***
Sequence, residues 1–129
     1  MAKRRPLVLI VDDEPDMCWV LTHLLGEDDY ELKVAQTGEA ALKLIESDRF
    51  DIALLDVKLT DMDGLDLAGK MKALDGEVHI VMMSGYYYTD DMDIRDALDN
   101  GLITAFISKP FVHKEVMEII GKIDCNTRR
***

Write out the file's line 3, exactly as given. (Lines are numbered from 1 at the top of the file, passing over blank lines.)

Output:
    51  DIALLDVKLT DMDGLDLAGK MKALDGEVHI VMMSGYYYTD DMDIRDALDN